Last summer, millions of Americans took to the streets after the killing of George Floyd at the hands of the Minneapolis police, taking part in what would become the largest protest movement in U.S. history. Many participated in marches and demonstrations for the first time in their lives. From eight first-time protesters, here are reflections on what they did last summer, how this has affected them in the year since and what lies ahead. Their interviews have been edited and condensed.
Oluwatoyin Keji Akinmoladun, 23
Last May, Ms. Akinmoladun, who had never attended a protest, decided to organize one. By the end of that weekend, she had led a demonstration of hundreds, shielded herself from pepper spray and been held for several hours in a jail cell.
I understood later on, this does take a toll on you. Like, this isn’t something you can achieve in one day. And you don’t know when the outcome is going to be.
Because if you’re just being angry all the time, like I was, it is completely draining.
I look back on it and just think: We were really united at that time. Like, everyone, all different states, everywhere, we were really united. I still have strong feelings about it, even get anxiety about it. Any protest I plan, I still have anxiety about it. I don’t know, a part of me just wants it to be over with, the protests. I want the protests to be over with, I want our demands to be met. Like, I just want everything to be over with so I don’t have this heavy, heavy feeling.
I have changed my mind on protesting. Now I’m thinking, protesting is not enough. What more can we do? What other steps can we take? Because protesting has been around for so many years? And if it hasn’t changed since Martin Luther King, what can we do now? You know, do we have to — I don’t want to say, destroy the city, but is that what it’s come to?
Berkeley Springs, W.VA.
Brian D. Tucker, 53
Mr. Tucker is one of the few Black people in his small town, a place he has come to love since moving there seven years ago. In September, he was among several dozen people to attend a Black Lives Matter rally there. Hundreds showed up to counterprotest.
Everything that I thought was going to happen didn’t happen. And the things that I didn’t even think of happening happened. They had such a large turnout of people who were for Trump, it almost seemed like it was a Trump rally. And they basically drowned out every speaker we had.
I’ve been told that I’m trying to push an agenda. I don’t do that because I’m not trying to suffocate people. But if you have a different view, we ought to be able to talk about the views and see how it makes it better for everybody.
I can go into a certain establishment and I get the two stares. The stares of, you know, “I don’t like this person,” and then there’s the other stare of like, “What the hell is that?” You know, like it’s the first time they’ve ever seen a Black person. I still speak just as openly with anybody who wants to approach me. Of course, I don’t have Black Lives Matter on my vehicle, I don’t have it tattooed on my arm or put on my clothing. I just don’t want to have to put the cross hairs on my back like that.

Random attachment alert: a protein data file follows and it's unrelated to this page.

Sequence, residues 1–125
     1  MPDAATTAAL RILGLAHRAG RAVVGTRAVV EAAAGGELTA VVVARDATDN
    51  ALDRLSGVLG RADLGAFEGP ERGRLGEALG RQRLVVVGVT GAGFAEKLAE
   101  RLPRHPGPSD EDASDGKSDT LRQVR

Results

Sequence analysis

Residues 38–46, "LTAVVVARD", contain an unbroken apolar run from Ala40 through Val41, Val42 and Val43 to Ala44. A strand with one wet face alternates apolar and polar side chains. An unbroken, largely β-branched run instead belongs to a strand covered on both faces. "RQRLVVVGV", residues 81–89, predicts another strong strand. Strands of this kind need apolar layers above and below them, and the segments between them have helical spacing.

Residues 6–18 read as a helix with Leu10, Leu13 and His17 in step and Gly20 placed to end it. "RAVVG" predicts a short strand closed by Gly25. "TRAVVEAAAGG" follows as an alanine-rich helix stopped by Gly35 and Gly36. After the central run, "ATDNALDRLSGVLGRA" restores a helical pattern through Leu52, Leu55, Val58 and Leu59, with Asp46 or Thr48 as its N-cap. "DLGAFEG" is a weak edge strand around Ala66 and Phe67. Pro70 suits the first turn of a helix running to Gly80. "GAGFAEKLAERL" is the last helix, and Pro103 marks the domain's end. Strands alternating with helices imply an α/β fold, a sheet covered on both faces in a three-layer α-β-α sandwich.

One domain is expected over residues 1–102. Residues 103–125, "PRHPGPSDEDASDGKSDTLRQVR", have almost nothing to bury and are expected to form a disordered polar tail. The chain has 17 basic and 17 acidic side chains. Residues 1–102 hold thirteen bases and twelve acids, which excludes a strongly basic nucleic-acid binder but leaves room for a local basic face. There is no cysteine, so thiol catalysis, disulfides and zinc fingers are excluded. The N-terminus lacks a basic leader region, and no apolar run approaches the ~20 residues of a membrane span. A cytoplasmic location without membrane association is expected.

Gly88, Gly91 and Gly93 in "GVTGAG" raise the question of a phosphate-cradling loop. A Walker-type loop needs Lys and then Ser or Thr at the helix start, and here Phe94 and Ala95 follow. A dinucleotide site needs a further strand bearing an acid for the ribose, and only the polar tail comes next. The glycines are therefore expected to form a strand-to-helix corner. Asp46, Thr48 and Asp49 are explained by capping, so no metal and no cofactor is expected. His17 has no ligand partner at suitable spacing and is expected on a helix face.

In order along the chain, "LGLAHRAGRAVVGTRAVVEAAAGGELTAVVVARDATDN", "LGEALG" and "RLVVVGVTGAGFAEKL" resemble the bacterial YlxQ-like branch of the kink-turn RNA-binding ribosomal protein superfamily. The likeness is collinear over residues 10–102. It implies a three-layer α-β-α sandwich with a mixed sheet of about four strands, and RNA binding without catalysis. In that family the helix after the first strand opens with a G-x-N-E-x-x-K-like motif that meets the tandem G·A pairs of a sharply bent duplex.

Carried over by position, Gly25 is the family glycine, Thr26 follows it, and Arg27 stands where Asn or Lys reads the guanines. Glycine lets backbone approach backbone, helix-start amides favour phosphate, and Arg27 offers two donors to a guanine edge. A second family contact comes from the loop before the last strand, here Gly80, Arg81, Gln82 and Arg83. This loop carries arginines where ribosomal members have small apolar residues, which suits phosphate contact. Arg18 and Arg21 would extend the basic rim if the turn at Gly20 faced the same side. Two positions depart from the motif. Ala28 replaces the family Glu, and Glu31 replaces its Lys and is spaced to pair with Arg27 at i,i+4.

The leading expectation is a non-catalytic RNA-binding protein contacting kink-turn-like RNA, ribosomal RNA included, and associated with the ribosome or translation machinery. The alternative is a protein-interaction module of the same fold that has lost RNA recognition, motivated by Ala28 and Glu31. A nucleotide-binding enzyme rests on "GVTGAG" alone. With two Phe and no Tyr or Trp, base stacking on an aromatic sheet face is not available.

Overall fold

I’m here in America. There is no shooting of Black people here in this town. But it’s all around me. The chances of it happening, well, when you only have four Black people, let’s hope it doesn’t happen. But if it does, I don’t think there’s going to be a rally. I don’t think there’ll be a riot. Because this is a small town, it’s going to be swept underneath the rug. It won’t even make the news.
Dawn Dailey, 45
In the early months of the pandemic, Ms. Dailey was working out of a mutual aid tent, packing bags of snacks, water and hand sanitizer to give to homeless people in Seattle’s Cal Anderson Park. But that park became a battleground in early June, as protesters tried to set up an occupied zone and law enforcement cracked down.
I was out there and I wasn’t even protesting. I was just trying to help. There were protests there. And I was Maced in the face. And I feel like that was like one of the turning points for me to make the actionable decisions to be not just, you know, support.
I’m realizing that I can’t just be supportive, but I can help protect the protesters. Because I’m older, because I’m in my 40s. And I’m a mother.
It is not something I would have expected to have happened to me. I mean, I was a Sunday school teacher. I was an Army wife.
We had a protest as a Wall of Moms, with the overall Black Lives Matter protests. They were Macing us. And they were tear-gassing us directly in the face. I had been given a mask for my protection, and a hard hat. My hard hat was knocked off my head because a federal police officer threw a blast ball explosive so hard at my head that it knocked my hard hat off my head. But I still kept on and I was just protesting, locked in arms with other moms, wearing yellow. I was in yoga pants and yellow, for goodness sakes, that’s all I had on.